Why participating in politics is the right thing to do
By Robert B. Doherty
Many Americans view "politics" as a world of sleazy politicians bought by moneyed interests cutting back-room deals that put the interests of their contributors over the public interest. Because of their disillusionment with politics, many Americans choose not to participate in politics.
Although politics may not be as pure and public-spirited as we would like, it is a mistake to dismiss politics as unworthy of our interest or participation. As columnist Mark Shield once put it, "Politics is the way that democracies resolve legitimate conflicts without resorting to violence."
Viewed in this light, we are all obligated to participate in the political process. By engaging in politics, we help resolve legitimate conflicts without violence. Rather than being unworthy of our participation, politics should be viewed as a basic obligation of citizenship in the world's most democratic society.
Politics and professionalism
Many physicians no doubt share the public's disillusionment with politics and therefore choose not to participate. Some have even argued that by refusing to participate in politics, they are taking a principled position, because politics is fundamentally inconsistent with professionalism.
Professionalism holds that the interest of the public must always supersede the interests of the profession itself. Politics would violate the ethos of professionalism, the argument goes, because it would inevitably result in the medical profession using the political process to further its own economic self-interests, and not the public interest.
For much of the 20th century, many physicians and professional societies accepted this argument. Many chose to focus exclusively on the science and art of medicine and ignore politics and advocacy. The American College of Physicians, for instance, didn't become actively involved in the political arena until the mid-1970s.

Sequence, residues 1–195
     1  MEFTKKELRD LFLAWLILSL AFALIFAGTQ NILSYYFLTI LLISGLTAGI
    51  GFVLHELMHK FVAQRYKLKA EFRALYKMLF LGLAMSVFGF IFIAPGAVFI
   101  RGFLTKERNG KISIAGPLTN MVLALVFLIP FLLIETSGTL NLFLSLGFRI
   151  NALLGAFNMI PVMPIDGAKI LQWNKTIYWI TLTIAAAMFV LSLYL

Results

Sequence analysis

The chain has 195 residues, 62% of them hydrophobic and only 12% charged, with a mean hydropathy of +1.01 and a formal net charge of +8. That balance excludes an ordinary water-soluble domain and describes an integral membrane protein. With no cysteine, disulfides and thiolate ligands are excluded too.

The view that professionalism was inconsistent with political advocacy was not universally accepted, however. Other medical organizations—including the AMA, state medical societies and the American Society of Internal Medicine (ASIM)—eagerly embraced political advocacy as an essential part of their mission.
Nowadays, very few medical professional societies view political advocacy as inconsistent with professionalism. Every specialty society has some kind of representation in Washington, and most have expanded the resources they put into political advocacy.
The merger of ACP and ASIM may have symbolized the end of the debate over politics vs. professionalism. The merger brought together two organizations that embraced the traditions of professionalism and political advocacy on behalf of patients.
A new charter on medical professionalism, published in 2001 by the American Board of Internal Medicine, the European Federation of Internal Medicine and the ACP-ASIM Foundation, stated that "professionalism needs to be founded on the primacy of patient welfare and on social justice, including the fair distribution of health care resources." It also claimed that physicians should advocate for "just and adequate access for all patients ... ."
ACP-ASIM is among the organizations that endorsed the charter. Politics is no longer considered to be in conflict with professionalism; rather, it is viewed as an obligation of medical professionals.